Analysis of Plato’s allegory of the Cave in the Republic
In the Republic, Book VII, Plato through Socrates presents the allegory of the cave. This allegory is used to help the explanation of how the philosophers are educated from ignorance to knowledge. Socrates defends that true education is not just seeing shadows and visible objects but understanding their nature. This allegory illustrates how, in relying on the senses and perception, man mistakes the shadows for reality. The people inside the cave are passive, unreflective and restrained. They live in darkness and conformity. Plato through the character of Socrates describes a den, with prisoners chained, so that they could not move, therefore all they saw were nothing but images cast on the wall by the fire. All they heard were voices from the shadows. The shadows are nothing but images of the reality of the outside world to which their back is turn too, but for the prisoners is the only reality they know. “The truth would be literally nothing but the shadows of the image” (The Republic 252).If one of the prisoners was released and turned his neck around he would see the fire and he would be blinded by it. Therefore he would be unable to see the reality, and he would still persist in maintaining the superior truth of the shadows. “Will he not fancy that the shadows which he formerly saw are truer than the objects which are now shown to him?” (The Republic 255). If he was dragged from the cave into the light of the sun, he would finally confront the world as it really is. He would be dazzled at first by the excess of light and will not be able to see the reality surrounding him. ”When he approaches the light his eyes will be dazzled, and he will not be able to see anything at all of what are now called realities” (The Republic 255) In Plato’s cave allegory we are restrained by what we know, which is based on what we see and hear. Beyond the cave, we do not know what awaits, yet we use the cave to...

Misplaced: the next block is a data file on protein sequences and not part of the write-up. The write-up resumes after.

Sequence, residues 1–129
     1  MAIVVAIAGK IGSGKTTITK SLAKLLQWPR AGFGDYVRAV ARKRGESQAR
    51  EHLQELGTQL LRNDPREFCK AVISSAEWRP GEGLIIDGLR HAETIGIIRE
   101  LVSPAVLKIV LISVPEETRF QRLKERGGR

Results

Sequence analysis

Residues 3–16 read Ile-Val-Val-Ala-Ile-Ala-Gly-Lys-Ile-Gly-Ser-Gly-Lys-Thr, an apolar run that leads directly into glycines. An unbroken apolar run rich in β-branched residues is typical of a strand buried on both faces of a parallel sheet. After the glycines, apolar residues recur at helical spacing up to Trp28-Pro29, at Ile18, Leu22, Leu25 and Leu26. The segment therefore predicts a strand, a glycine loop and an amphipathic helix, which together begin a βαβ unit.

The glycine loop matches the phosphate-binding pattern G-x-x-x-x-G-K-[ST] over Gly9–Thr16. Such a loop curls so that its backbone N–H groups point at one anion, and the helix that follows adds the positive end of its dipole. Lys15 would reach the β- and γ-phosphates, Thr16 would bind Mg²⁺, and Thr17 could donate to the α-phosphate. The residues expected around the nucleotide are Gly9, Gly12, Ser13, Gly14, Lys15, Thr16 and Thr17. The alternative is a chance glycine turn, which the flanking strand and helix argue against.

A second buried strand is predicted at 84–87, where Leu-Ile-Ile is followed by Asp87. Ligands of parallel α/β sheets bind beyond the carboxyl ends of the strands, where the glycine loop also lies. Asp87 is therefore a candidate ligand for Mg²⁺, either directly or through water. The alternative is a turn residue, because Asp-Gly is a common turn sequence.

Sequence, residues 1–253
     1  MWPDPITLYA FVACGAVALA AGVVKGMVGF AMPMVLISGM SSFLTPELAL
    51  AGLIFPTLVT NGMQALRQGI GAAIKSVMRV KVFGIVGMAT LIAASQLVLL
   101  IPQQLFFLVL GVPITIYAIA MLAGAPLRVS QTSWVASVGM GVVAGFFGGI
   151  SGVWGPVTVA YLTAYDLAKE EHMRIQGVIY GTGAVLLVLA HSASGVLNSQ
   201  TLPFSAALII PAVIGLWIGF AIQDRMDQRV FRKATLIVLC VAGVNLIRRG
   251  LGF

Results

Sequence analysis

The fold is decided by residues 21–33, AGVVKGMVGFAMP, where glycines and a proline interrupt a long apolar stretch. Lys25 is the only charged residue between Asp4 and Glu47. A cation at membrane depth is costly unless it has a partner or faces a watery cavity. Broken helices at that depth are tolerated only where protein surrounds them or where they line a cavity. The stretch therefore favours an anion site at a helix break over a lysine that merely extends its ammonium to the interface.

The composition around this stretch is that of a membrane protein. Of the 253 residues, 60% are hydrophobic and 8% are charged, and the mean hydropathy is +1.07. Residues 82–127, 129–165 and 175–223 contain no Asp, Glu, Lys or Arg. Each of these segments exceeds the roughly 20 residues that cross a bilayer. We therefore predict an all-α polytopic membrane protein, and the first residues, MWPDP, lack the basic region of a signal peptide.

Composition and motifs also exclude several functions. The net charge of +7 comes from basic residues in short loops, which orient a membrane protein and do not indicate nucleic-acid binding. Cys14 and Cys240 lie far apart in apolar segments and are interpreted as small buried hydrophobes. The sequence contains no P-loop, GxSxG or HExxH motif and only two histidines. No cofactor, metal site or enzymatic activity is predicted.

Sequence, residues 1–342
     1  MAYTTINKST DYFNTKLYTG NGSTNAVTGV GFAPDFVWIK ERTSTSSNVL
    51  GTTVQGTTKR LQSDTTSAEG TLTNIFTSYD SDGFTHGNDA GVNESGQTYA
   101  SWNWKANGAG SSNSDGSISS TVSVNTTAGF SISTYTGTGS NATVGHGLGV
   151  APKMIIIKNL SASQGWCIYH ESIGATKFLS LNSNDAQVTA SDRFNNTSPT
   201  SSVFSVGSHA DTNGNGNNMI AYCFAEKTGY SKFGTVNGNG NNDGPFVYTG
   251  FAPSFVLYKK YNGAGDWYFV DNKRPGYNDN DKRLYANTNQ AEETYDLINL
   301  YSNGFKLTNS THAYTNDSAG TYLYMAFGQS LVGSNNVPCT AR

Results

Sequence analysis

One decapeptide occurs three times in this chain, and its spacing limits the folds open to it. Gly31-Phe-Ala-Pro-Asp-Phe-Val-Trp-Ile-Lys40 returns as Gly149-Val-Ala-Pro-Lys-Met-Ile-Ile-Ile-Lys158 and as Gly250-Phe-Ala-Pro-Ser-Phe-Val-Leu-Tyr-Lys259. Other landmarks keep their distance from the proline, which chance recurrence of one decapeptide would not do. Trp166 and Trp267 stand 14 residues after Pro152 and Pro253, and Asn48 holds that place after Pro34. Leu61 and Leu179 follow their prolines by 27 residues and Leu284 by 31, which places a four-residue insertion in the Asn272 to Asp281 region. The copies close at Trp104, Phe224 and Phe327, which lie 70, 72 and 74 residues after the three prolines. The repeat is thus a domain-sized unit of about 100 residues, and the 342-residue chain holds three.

References: Jowett, Benjamin. The Republic.Trans. Plato. New York: Vintage Books, 1991. Print.
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